2nd September 2016 via Jagjaguwar
Angel Olsen is someone who you would not have expected to be a chameleon. With her already producing two albums of introspective indie folk, any other artist would be pigeon-holed into making the same album over and over. So for Olsen to return with synth track, ‘Intern’, wearing a silver tinsel wig, you would be right to expect something different. Something extraordinary!
Olsen’s third album, MY WOMAN, is made up of two distinct halves. Side A is full of three-minute rock n’ roll singles—the 1960s pour out of these songs. ‘Never Be Mine’ has elements of Roy Orbison, as well as a Velvet Underground-style guitar solo thrown in for good measure. ‘Heart Shaped Face’ has the feel of a subtly sexy soul track. ‘Not Gonna Kill You’ has a guitar solo directly ripped from ‘While My Guitar Gently Weeps’. The list goes on and on.
The highlight of MY WOMAN, ‘Shut Up Kiss Me’, exemplifies the sound and the style of the album. Whilst there is the classic 60s guitar sound throughout, the lyrics are emotional yet strident, giving the song enough detail to offer a different take with every listen. Sometimes it is hysterically funny, while it also makes you want to dance with a tear in your eye. Song of the year?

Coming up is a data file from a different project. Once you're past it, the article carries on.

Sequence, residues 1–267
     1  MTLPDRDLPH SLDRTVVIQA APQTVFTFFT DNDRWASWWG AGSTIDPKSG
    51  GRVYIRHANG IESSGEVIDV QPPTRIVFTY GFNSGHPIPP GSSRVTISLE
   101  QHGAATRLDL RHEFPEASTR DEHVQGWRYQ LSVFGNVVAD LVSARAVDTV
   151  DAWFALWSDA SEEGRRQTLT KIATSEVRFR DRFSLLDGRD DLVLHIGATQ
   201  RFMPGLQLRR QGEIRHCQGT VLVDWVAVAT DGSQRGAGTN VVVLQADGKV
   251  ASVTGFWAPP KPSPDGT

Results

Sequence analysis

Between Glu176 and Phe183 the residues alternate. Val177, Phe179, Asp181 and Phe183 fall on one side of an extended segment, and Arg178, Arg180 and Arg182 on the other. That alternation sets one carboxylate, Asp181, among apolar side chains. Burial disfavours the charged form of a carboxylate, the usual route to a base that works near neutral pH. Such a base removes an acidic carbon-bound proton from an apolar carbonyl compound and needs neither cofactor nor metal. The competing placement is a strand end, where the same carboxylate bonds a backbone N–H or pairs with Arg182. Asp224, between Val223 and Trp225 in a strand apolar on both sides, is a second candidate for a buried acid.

The other side, side B, is full of deeper cuts, replacing the single length tracks with seven-minute odysseys, ‘Sister’ and ‘Woman’. ‘Sister’ swiftly works it ways through light breezy guitar work, building to a climactic roar. ‘Woman’ starts of as another great 60s track, but quickly settles into a sad groove in the style of trip hop artists Portishead and Massive Attack. The album closer ‘Pops’ takes the sad piano of the previous track, ‘Woman’ and gives a throwback to Olsen’s older material— just her piano, vocals and feelings, all drenched in lo-fi. Beautiful!
Overall, the main thing about MY WOMAN is how ‘classic’ it feels, in every sense. Many of these songs feel like they have always existed. Aside from all the 60s aesthetics of this album, whilst ‘Pops’ may be a commanding song by Olsen, it also has the feel of a Judy Garland number. Yet, when this sound is combined with Olsen’s confident, almost cocky style, it elevates every song to new highs. To call this a masterpiece seems cliché, but what else is it? An instant classic.
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